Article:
July 2009


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Vern Grubinger <[log in to unmask]>
Reply To:
Vermont Vegetable and Berry Growers <[log in to unmask]>
Wed, 15 Jul 2009 11:50:43 -0400
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Late blight is now confirmed at multiple locations in Vermont as well as 
in every other northeast state. It appears to be spreading rapidly. Hot 
dry weather may help slow it but cool mornings mean dew on the plants 
which is not good. Many homeowners are now reporting symptoms of the 
disease as well. Here are condensed recommendations, adapted from UMass 

Fields with significant disease should be burned down with herbicide or 
plowed under ASAP. Each infected field is producing spores that will 
move to other farms in the area. Fields showing little or no symptoms 
should be protected as follows with fungicides, which are the only 
practical tool for managing late blight this year. Destruction of all 
infected plant material will help manage the disease for next year since 
it needs plant tissue to overwinter. Be especially vigilant about 
digging all infected tubers and destroying, or burying deeply.

Fungicides - Conventional.
Protectant sprays work well, with chlorothalonil (ie. Bravo or 
comparable material) continuing to provide excellent control. However if 
you are late in getting either a chlorothalonil, metiram or mancozeb 
spray on, then the combination of Curzate (cymoxanil, fungicide group 
27) mixed with a protectant is helpful to provide some kickback 
activity. Curzate works well when plants are actively growing and 
temperatures are cool, conditions that exist now for both potatoes and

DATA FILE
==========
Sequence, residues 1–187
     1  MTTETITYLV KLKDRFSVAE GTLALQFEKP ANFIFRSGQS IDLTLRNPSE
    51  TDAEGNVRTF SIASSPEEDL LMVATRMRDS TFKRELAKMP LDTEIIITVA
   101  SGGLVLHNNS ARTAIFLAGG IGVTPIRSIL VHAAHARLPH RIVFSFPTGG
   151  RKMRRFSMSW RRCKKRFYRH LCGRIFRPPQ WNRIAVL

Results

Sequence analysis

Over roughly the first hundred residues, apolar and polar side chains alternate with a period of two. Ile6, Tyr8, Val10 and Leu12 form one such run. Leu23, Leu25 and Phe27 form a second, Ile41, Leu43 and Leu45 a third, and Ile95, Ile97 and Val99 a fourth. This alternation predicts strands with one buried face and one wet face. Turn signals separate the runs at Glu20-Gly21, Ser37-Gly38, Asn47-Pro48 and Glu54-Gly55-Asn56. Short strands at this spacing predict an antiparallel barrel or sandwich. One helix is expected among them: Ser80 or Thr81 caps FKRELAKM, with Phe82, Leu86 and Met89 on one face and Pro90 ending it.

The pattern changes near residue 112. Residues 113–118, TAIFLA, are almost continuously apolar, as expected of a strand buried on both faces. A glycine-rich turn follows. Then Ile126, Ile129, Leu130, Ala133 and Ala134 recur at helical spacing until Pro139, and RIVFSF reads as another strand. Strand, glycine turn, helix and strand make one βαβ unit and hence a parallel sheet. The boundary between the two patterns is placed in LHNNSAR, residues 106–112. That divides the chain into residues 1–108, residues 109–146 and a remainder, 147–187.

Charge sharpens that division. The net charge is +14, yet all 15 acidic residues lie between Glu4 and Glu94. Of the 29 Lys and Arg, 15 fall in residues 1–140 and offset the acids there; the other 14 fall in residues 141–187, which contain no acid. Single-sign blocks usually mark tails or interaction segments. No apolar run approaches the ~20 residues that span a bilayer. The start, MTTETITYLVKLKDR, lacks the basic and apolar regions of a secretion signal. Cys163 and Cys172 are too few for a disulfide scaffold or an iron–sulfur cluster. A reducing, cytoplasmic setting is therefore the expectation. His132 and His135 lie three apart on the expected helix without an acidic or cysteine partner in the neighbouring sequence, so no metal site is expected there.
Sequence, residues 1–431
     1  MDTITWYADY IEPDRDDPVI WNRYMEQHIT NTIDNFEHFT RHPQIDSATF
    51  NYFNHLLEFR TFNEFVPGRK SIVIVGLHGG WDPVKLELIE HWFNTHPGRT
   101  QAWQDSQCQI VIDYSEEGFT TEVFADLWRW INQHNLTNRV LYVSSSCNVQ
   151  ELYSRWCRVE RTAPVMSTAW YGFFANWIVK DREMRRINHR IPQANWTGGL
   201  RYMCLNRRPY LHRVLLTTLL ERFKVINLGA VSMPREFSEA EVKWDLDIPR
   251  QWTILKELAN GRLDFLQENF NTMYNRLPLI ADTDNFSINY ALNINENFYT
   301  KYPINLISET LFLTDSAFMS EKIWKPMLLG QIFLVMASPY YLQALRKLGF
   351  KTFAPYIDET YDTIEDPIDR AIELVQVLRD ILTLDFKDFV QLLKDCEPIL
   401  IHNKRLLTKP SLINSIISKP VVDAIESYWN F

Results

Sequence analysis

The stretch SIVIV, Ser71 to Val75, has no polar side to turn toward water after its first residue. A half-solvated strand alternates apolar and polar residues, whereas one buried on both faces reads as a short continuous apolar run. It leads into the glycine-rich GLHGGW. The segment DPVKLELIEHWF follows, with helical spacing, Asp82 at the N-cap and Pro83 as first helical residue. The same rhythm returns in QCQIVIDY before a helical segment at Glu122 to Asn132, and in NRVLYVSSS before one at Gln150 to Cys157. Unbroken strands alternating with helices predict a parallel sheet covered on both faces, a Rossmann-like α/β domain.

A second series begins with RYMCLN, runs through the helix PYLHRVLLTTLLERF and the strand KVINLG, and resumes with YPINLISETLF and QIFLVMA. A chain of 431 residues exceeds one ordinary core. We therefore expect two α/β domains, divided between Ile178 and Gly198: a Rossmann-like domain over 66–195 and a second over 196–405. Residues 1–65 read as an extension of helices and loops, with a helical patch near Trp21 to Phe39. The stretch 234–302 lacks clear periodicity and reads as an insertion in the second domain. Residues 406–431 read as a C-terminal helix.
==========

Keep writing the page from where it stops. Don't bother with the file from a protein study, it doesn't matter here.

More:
tomatoes. Previcur Flex has similar activity, and should be mixed with 
chlorothalonil. The pathogen has developed resistance to some fungicides 
such as metalaxyl and mefenoxam (Ridomil, Ridomil Gold), so these are no 
longer effective. If environmental conditions remain conducive for late 
blight, apply a fungicide from a different mode of action class every 
5-7 days such as Ranman, Forum, Tanos, Gavel, Reason (each mixed with a 
protectant), Revus Top,or a phosphorous acid fungicide (ProPhyt, 
Fosphite, Phostrol).

Fungicides – Organic.
There are some OMRI (Organic Material Review Institute) approved 
products that list late blight as a target disease. The information 
available usually indicates that they are not as efficacious as 
“conventional” materials, but if good coverage of crop foliage is 
maintained they offer some hope for protecting an uninfected crop. The 
OMRI approved materials include basic copper sulfate (NuCop 50w and 
Champ WG are OMRI and the biological fungicide Sonata. Use a 5-10 day 

here are links to many images of late blight on tomato

and potato

if you have any doubts send plant sample to: Ann Hazelirgg, UVM Plant 
Diagnostic Clinic, Carrigan Ave., Burlington VT 05405-0082